An Inclusive Reflection On The Meaning Of All Soul’s Day
As people who seek to find hidden meanings and inclusive understanding, the usual approach toward holidays and holy days of other denominations is one of curiosity and interest- curiosity, maybe even an appreciation of the tradition and the beliefs involved, but rarely is it a full acceptance and a rightful adoption into our own calendar of meaningful events.
Briefly, all through church history, there has been the pattern of adopting indigenous holidays and making them ” Christian.” All Hallows Eve was a time when the dead came alive and their spirits walked the earth for the last time before being sent up to heaven or being condemned to Hell. It was a time for ghostly visitations, and when the energies and impulses toward good and evil became manifested in people and the culture.
The Church, seeing this as a pagan revelry celebrating the harvest and the mischief of merrymaking, transformed it into a night where there was a battle of good and evil and the night before all the Saints- when all the blessed faithful would ascend to heaven to be with God. This more pious approach became a Holy Day of Obligation- a time when everyone was to go to church and pray for the souls of the faithfully departed, that they might rest in peace, and that their entry into heaven would be assured.
However, that practice became modified and exclusive. It became a day for honoring those appointed few and those who received an official recognition by the Church as a saint…. leaving a vast majority of us in the category of sinners who still had to worry about going to Hell!
The pious doctrines of the Church shifted the prayers to focus on the necessity and the appeal to those saints and to God to answer their prayers, thereby releasing people from Purgatory- that in-between place called Limbo was also taught up to the 1970’s- which was was the place of judgment of eternal salvation versus eternal damnation.
Because being holy or heroic is beyond most of us, at any one time, being a saint was culturally considered to be an exclusive club or high achievers… which deteriorated over time into an “Us and Them” dualities that emphasized who was saved and who was not, who had God’s favor and who were headed straight for Hell…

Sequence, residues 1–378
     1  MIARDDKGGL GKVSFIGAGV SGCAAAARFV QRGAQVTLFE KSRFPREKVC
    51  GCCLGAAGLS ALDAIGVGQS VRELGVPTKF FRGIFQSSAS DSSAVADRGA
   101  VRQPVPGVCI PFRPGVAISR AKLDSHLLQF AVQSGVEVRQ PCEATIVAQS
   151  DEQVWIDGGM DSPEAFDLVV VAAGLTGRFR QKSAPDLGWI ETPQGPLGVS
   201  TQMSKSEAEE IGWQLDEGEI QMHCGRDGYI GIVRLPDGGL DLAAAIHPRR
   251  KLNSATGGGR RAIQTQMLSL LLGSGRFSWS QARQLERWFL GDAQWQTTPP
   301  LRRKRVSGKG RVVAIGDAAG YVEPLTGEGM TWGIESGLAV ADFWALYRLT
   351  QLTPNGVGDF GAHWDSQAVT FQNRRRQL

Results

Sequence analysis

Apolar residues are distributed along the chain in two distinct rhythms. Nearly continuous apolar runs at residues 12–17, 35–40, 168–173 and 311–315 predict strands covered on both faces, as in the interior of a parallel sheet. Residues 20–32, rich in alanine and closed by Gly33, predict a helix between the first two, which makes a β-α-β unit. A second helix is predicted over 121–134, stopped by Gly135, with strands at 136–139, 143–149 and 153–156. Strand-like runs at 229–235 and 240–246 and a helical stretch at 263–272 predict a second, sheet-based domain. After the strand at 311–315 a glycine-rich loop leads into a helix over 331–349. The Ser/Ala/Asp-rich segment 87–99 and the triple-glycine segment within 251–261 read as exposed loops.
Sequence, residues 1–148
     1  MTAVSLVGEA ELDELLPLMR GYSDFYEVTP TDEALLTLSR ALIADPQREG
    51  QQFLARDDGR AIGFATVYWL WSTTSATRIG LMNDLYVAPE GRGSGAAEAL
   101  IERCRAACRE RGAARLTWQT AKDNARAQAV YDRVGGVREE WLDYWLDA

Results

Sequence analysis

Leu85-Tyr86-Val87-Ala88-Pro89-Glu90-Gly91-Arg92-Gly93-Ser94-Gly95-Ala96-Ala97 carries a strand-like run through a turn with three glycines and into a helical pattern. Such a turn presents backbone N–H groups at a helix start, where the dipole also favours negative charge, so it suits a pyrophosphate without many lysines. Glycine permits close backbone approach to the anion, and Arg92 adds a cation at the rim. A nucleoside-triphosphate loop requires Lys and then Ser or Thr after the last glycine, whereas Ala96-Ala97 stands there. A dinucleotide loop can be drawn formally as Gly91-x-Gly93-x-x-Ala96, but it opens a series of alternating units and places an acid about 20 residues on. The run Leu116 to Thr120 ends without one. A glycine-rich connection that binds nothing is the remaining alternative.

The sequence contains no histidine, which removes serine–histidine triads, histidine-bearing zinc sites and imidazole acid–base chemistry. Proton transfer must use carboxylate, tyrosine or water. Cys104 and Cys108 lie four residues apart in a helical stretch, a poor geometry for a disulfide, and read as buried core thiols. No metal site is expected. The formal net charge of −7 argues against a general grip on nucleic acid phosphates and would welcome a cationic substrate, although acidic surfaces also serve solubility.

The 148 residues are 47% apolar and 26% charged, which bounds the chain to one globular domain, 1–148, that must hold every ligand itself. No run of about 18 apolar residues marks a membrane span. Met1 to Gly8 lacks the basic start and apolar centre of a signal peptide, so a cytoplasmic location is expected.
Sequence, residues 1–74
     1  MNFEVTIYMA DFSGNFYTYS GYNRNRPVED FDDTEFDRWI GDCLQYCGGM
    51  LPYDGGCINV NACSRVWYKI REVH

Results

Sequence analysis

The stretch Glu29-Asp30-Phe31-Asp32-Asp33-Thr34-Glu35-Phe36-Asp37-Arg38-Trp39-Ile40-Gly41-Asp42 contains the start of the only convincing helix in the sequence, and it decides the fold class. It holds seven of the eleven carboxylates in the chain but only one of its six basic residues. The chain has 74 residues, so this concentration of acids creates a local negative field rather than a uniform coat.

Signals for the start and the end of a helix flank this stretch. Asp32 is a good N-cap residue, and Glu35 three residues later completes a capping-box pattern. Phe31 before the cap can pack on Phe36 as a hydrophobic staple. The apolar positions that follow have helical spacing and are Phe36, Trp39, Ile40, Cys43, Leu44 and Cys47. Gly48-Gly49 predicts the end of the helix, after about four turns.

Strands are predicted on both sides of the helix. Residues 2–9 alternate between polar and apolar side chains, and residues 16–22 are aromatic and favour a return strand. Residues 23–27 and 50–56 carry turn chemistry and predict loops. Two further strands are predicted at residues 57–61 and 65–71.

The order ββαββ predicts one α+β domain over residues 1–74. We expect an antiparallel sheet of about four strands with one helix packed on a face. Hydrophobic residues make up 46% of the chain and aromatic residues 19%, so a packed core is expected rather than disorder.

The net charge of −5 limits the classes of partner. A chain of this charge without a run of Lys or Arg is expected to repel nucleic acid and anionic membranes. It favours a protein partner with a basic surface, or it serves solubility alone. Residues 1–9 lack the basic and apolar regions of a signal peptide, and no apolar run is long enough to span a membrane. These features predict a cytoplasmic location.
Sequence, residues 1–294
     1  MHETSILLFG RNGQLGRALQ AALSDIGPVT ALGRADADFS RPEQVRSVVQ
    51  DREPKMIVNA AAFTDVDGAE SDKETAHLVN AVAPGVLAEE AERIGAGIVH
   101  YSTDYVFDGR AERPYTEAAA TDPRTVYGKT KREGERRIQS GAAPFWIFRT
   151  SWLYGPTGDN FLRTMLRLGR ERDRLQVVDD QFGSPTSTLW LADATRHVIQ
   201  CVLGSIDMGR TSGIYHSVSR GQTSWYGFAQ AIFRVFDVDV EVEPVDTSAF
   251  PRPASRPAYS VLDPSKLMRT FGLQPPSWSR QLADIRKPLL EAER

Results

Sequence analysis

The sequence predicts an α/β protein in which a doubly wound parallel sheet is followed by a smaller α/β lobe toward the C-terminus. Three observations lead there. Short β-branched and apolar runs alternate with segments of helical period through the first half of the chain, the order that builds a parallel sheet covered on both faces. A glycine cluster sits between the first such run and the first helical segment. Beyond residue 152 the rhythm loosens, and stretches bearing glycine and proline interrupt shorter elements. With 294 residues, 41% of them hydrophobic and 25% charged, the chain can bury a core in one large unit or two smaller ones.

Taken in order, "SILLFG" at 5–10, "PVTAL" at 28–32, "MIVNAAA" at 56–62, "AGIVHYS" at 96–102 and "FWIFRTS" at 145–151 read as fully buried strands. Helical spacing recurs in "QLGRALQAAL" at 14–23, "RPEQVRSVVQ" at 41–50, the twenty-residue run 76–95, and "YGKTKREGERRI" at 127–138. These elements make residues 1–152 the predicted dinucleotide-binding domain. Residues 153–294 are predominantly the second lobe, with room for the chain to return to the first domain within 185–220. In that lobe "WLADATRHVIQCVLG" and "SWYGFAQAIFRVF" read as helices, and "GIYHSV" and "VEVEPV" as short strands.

As the old joke goes… you know, some people always seem to get a lift, and catch the elevator going up to heaven, and some people… well.. . Some people seem to always get the shaft!
In a noble and inclusive recognition of this theological either/or, it was corrected to rebalance the scales of judgment in a way that promoted equality before God… What was then instituted was another day to follow, and that day would be for the rest of us; and a day when all the faithfully departed, would gain entry into the everlasting mercy and peace known as heaven. That became All Soul’s Day.
For those of us who have chosen a more inclusive, accepting, and less judgmental view, who have concluded from their careful Bible study and an appraisal of Western theology, that if God were as good as all these orthodox priests and ministers claim, then why would there be such fear and grief over death? Why would there be a question about salvation, and a nagging worry about where one’s soul goes after death?
If God is good, and a God that is love, there is nothing to fear for any or all of us, whether they are strong believers and even the most adamant of unbelievers, all of us will still go to heaven…
Why even the Devil himself will be saved in the end! (Al Pacino included!!!)All Soul’s is a day that affirms the goodness of God, the defeat of the teachings on damnation, and acts as a reminder of our humanness, when we honor and recall those people who still live in our hearts who have departed this earthly life. It can be solemn and it can be joyful; it can be filled with gratitude as they are remembered with respect and compassion. All Soul’s Day is an yearly occasion when we begin to evaluate the past and appraise the future; when friends, families, or a community comes together to remember that we live our lives in between memory and hope.
The Devil and his Friend
One day, the Devil went out for a walk with his friend…. They saw a man ahead of them stop, stoop down and pick up something from the ground…
” What did the man find?”, asked the friend. The Devil said, ” Oh, he found a piece of the Truth.” “Doesn’t that disturb you?”, asked the friend…
“No” said the Devil- “I just will let him make a religious doctrine out of it”
A religious belief is only a signpost pointing towards the truth. When you cling to the signpost you are prevented from moving ahead to the goal. When you believe that you have the whole truth, there is no incentive to find out more or expand your understanding of truth that comes in from all directions.